Alternatively, the dendritic particles may be formed as has been previously described. Prior to forming the porous composite, the dendritic particles may be treated with a lithium ion containing electrolyte to incorporate lithium ions into the dendritic particles. The lithiated dendritic particles may be used to form a porous composite that is pre-lithiated. In another embodiment, dendritic particles, formed as has been previously described, may be joined to form a porous composite. Prior to use of the porous composite to form an electrode, the porous composite may be treated with a lithium ion containing electrolyte to incorporate lithium ions into the porous composite. The lithiated porous composite may be used to form an electrode that is pre-lithiated.

Alternatively, lithium can be incorporated into the dendritic particles or lithium-ion permeable coating during chemical synthesis. The lithiated dendritic particles may be used to form a porous composite that is pre-lithiated. In another embodiment, lithium containing and lithium-ion permeable coating may formed on the surface of pre-lithiated dendritic particles or on the surface of a pre-lithiated porous composite. The lithiated porous composite may be used to form an electrode that is pre-lithiated.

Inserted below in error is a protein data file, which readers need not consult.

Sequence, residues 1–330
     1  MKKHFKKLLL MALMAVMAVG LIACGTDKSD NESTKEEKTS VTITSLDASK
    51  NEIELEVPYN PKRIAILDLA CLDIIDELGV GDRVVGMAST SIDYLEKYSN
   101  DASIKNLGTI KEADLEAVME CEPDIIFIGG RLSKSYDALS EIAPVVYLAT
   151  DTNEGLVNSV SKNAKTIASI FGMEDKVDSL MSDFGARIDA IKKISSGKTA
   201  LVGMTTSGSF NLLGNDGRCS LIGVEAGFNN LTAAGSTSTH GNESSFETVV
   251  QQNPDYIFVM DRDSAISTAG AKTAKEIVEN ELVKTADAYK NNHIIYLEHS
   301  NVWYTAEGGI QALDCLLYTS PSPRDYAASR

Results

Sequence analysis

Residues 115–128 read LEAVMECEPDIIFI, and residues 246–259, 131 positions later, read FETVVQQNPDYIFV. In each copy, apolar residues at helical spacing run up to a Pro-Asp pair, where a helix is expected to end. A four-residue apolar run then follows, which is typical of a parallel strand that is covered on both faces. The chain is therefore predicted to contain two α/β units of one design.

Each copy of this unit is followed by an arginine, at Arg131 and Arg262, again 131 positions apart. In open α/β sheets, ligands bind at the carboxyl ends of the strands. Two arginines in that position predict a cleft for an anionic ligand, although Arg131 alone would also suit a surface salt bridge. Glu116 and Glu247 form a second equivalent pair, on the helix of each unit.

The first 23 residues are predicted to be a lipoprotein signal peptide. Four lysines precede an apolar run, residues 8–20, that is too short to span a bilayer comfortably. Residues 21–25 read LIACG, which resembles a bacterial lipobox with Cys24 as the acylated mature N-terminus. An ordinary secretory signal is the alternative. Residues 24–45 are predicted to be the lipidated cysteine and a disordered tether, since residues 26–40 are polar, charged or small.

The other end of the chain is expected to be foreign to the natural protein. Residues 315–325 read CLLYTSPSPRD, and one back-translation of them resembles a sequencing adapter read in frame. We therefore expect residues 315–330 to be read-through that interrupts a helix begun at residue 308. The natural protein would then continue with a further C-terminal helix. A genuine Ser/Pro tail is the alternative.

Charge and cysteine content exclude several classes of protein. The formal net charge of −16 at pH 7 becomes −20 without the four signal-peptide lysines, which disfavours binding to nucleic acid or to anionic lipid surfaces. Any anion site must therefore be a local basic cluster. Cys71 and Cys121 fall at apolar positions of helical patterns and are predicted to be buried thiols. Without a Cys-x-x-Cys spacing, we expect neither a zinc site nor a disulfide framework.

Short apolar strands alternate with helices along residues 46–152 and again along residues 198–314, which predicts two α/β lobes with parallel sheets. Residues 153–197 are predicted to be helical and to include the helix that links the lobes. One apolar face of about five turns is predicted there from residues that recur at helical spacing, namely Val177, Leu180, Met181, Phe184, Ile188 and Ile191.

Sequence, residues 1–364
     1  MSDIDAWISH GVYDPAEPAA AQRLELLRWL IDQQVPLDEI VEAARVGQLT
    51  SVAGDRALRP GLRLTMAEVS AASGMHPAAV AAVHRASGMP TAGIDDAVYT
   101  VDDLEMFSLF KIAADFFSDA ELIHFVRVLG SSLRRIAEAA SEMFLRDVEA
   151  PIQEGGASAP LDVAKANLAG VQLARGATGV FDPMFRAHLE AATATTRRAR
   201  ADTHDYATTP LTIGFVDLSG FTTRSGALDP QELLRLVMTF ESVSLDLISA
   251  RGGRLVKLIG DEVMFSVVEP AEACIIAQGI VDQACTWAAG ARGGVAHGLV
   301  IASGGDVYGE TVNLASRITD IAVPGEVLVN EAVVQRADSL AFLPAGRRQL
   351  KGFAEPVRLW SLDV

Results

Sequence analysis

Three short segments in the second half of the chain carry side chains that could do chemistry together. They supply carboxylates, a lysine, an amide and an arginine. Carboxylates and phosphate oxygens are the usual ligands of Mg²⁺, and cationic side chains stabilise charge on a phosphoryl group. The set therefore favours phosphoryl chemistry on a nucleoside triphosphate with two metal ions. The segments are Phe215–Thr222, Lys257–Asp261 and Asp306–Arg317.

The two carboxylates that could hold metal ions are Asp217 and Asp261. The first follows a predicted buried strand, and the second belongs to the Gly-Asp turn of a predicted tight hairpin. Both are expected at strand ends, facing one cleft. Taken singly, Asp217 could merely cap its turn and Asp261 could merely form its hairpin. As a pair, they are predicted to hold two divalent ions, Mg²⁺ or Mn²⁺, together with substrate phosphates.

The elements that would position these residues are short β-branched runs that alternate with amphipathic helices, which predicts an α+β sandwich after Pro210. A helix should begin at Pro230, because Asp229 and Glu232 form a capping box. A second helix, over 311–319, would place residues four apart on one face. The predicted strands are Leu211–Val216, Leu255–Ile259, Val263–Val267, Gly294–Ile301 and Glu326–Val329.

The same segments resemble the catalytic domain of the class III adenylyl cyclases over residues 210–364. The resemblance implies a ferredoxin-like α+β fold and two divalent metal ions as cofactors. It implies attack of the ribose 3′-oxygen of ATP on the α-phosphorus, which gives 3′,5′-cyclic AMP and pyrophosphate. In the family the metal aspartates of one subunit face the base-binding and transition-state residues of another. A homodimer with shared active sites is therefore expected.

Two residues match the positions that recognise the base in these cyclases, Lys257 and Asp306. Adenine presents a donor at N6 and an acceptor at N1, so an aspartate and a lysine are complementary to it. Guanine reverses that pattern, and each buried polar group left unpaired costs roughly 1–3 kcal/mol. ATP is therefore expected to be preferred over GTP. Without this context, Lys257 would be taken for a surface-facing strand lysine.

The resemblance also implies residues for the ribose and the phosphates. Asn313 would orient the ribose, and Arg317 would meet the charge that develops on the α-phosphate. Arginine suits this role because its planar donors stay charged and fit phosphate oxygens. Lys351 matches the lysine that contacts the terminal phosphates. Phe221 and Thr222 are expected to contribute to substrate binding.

In some embodiments, lithium may be incorporated into a lithium ion permeable polymer layer that is formed over the dendritic particles and/or the porous composite. In one embodiments, a lithium ion permeable polymer that includes lithium (e.g. lithium ions) may be formed over at least a portion of the dendritic particles of the porous composite. In an embodiment, a lithium ion permeable polymer that includes lithium (e.g., lithium ions) may be formed over at least a portion of the porous composite. The lithium containing polymer may be formed prior to coating, during coating, or after coating of the dendritic particles or the porous composite.